The topic of food security in Kenya is often bracketed by political questions. While the Constitution of Kenya (CoK) recognises the right to adequate food, national legislation, policy and practice fail to implement and monitor progressive solutions to food security. There is a need to shift the emphasis of chronic hunger and unaffordable or inadequate food to a discussion about food rights. Additionally, it is necessary to question why the country has been food insecure for over fifty years and assess to what extent the situation is sustained by political interests.

Food security is not a question of production. It is an issue of consumption determined by the availability of and access to food. With a population of more than 46 million, approximately one quarter (10million+) suffer from chronic food insecurity. The problem is that the situation is not seen as urgent and substantial improvement. Despite the Constitution coming into force in 2010 and Kenya’s national development plan, Vision 2030, being launched in 2008, indices of food security in the country show slow progress. If Kenya was committed to ending food security, one would expect the statistics to tell a different story.

Part of the problem is how the term ‘food security’ is understood. It is often framed as an issue of agricultural production, where a food crisis occurs due to insufficient production, poor productivity or not enough emergency food aid. This understanding restricts the public’s awareness of multiple interdependent factors that contribute to becoming a food secure nation. The right to food is too easily understood as the right to be fed instead of the right to feed oneself, in dignity.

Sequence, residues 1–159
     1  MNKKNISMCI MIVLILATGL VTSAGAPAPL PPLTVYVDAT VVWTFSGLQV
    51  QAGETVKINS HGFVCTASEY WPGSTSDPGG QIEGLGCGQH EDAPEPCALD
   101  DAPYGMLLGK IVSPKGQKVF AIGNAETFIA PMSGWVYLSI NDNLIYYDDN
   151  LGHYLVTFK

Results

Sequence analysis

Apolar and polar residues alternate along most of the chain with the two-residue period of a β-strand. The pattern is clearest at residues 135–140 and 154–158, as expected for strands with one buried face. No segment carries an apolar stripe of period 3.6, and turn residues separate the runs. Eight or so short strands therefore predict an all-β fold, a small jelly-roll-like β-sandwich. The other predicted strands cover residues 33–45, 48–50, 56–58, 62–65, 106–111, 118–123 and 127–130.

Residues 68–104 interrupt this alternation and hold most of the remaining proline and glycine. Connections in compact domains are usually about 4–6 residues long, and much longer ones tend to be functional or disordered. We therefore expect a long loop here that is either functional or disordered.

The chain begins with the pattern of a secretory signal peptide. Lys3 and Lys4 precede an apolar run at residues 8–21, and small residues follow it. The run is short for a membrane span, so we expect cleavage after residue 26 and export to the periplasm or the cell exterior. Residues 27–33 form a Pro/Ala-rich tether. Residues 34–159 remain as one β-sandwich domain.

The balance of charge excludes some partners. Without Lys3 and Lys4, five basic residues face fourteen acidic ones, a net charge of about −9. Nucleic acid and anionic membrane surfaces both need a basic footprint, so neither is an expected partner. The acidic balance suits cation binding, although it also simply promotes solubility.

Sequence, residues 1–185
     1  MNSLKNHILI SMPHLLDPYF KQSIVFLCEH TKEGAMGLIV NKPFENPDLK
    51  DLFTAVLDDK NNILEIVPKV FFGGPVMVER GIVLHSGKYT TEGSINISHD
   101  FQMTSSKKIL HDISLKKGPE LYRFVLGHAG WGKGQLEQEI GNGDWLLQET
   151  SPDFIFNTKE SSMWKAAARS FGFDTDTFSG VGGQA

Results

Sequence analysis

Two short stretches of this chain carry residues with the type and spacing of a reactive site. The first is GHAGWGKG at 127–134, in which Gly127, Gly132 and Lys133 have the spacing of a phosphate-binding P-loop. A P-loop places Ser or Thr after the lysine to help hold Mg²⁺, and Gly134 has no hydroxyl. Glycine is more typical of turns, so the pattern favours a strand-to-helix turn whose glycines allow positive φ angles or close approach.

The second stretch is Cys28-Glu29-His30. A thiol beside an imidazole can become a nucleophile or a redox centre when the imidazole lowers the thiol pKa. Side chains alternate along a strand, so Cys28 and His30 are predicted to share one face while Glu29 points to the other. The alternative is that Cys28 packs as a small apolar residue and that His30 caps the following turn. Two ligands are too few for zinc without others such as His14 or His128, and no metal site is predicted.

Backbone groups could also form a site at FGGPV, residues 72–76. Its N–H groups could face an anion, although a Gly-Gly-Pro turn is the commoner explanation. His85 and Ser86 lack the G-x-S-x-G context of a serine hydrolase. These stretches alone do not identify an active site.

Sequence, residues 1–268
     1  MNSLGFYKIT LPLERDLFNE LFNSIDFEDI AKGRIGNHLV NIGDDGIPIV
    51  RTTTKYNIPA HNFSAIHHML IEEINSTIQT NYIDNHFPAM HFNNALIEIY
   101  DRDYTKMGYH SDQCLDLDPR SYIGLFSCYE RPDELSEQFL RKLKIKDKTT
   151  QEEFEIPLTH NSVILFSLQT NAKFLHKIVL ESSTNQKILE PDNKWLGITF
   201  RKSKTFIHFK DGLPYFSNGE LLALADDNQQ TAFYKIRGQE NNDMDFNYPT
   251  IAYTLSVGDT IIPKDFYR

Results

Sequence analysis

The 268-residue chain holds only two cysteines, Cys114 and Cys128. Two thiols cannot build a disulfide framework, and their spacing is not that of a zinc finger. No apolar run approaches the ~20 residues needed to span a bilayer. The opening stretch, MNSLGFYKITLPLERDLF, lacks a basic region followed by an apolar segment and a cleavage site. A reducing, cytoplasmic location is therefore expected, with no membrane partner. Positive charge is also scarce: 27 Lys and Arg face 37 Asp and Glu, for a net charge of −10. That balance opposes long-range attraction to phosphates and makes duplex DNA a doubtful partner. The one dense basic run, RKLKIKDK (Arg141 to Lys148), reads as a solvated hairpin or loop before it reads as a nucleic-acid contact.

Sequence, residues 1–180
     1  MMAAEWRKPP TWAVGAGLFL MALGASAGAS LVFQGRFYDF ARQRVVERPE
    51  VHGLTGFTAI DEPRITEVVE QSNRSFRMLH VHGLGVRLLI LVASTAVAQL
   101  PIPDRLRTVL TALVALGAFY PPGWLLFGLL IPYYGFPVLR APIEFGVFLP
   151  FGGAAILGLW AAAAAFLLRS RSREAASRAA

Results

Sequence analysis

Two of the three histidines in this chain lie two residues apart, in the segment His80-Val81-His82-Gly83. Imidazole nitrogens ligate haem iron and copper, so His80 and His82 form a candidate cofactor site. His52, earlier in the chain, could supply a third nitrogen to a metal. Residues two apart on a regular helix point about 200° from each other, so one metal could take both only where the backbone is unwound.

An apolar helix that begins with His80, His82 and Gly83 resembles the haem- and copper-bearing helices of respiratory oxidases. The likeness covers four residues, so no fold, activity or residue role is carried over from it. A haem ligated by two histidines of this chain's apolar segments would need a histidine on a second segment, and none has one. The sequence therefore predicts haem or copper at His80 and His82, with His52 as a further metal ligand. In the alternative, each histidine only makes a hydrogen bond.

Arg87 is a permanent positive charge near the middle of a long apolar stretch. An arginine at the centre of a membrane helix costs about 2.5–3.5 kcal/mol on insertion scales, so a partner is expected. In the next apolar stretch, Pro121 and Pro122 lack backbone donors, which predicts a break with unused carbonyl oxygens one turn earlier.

Currently, drought- related food shortages continue to destruct Kenyans lives – we are in an officially declared national crisis for the fourth time in less than two decades. Hunger, the high cost of food, poor nutrition and health, maize scandals and crop cartels, food bribes and little political responsibility are themes that are disturbingly familiar online and offline.

The digital platform is a space which can be used to educate and inform people on their rights  – digital rights in as much as food rights. This is because, a huge percentage of people are online every single day. This platform can therefore be used for good and encourage change and progress in the society.

The online space is a commonplace for Kenyans today, therefore bloggers, writers and social media personalities have a significant influence in digital spaces. We have an important role to play in encouraging change and progress in society – including questioning the situation of ongoing food insecurity and hunger in our land.

The Route to Food Alliance will be hosting a workshop in conjunction with BAKE that aims to: provide an overview of the history and current socio-economic and political context of food security in Kenya; introduce different ways of thinking about the problem; and explore how blogging and social media can be used as tools for political and social accountability.

On the Panel will be:

Layla Liebetrau – Project Lead of the Route to Food Initiative and member of the Route to Food Alliance

Mutemi wa Kiama – Social Justice Advocate and voice behind Wanjiku Revolution™ on Twitter.

Azetse Were – Development Economist

Patrick Gathara – A respected blogger behind Gathara’s World

Join us for a workshop and panel discussion on Understanding Food Rights in Kenya.

Date: 13th September 2017

Time: 9.30am to 1.00pm

Venue: Nailab, 4th Floor, Bishop Magua Centre, Ngong Road

Free Entry

RSVP Here.

Route to food